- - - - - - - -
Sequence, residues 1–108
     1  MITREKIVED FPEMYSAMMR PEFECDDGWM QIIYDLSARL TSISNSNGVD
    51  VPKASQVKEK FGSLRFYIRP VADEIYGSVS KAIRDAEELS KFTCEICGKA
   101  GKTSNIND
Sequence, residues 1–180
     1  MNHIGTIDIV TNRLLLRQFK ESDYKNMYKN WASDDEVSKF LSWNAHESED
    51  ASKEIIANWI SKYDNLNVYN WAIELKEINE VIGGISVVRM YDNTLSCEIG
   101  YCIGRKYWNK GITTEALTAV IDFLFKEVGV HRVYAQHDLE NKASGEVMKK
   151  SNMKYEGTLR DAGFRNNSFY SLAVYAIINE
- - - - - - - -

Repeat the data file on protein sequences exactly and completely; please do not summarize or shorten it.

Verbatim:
Sequence, residues 1–108
     1  MITREKIVED FPEMYSAMMR PEFECDDGWM QIIYDLSARL TSISNSNGVD
    51  VPKASQVKEK FGSLRFYIRP VADEIYGSVS KAIRDAEELS KFTCEICGKA
   101  GKTSNIND
Sequence, residues 1–180
     1  MNHIGTIDIV TNRLLLRQFK ESDYKNMYKN WASDDEVSKF LSWNAHESED
    51  ASKEIIANWI SKYDNLNVYN WAIELKEINE VIGGISVVRM YDNTLSCEIG
   101  YCIGRKYWNK GITTEALTAV IDFLFKEVGV HRVYAQHDLE NKASGEVMKK
   151  SNMKYEGTLR DAGFRNNSFY SLAVYAIINE